But my son only gets seven hours, sometimes six.
As he jumps on his bike at 7:15 a.m. for an icy two-mile ride to school, I've always counted on the fact that the cold air and physical activity will wake him up.
According to The Nemours Foundation, an organization which supports clinical research for children and teens, a teenager's body programs itself to stay up later at night.
But that body needs to sleep later in the morning, too. When school starts at 8:00 a.m. (I was on the bus with that teenager at 7:30 a.m.), a student is bound to be tired for at least the first two hours.
The National Sleep Foundation says it's important for parents to enforce sleep patterns, especially with teenagers.
Getting enough sleep is the best thing teenagers can do for themselves.
Sleep deprivation is a national epidemic, according to The National Sleep Foundation.
And wake that kid up on the bus, so he doesn't miss his stop....
Sleep Deprivation Undermines Kids' Health, Happiness, St. Paul Pioneer Press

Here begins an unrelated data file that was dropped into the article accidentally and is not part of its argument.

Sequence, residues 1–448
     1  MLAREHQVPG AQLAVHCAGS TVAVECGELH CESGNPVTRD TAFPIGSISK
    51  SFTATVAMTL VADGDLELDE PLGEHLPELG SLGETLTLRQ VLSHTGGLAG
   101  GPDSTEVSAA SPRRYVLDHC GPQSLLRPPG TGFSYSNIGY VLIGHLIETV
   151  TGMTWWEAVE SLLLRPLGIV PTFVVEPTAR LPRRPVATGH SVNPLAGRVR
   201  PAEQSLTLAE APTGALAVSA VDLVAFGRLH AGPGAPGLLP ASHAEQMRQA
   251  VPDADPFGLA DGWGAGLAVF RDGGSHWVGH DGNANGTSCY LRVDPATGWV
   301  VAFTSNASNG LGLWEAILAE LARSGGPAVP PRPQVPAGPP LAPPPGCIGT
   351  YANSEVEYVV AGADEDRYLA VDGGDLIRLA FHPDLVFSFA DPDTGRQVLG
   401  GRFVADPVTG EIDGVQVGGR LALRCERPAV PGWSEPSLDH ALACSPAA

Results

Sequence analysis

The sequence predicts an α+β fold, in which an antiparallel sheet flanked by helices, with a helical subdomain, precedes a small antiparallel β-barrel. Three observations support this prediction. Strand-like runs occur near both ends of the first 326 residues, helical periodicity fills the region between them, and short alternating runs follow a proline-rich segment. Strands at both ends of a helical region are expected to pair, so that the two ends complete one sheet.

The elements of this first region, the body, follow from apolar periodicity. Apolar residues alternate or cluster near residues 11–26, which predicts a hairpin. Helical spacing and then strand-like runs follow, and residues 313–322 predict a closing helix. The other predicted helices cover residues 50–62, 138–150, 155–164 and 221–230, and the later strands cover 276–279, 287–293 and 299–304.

Sleeping Habits of Teenagers, Kaboose
Risky Teen Sleep Habits Discussed, The Paly Voice
Clocks Spring Ahead, Bodies Stay Behind, Asbury Park Press
How much sleep does your teenager need? Kid's Health
Sleep Deprivation is a National Epidemic Wellspan Health
Posted at 4:15 PM on March 6, 2008 by Nanci Olesen (0 Comments)
It’s crunch time for parents right now.
It’s time to make summer plans for kids. Summer is many weeks away, but camps are filling up right now .
Most parents I talked to were feeling the strain of finances as they considered what their kids are going to do this summer.
At $300 to $1000 a week for a residential camp, it’s easy to see that options are limited for many families.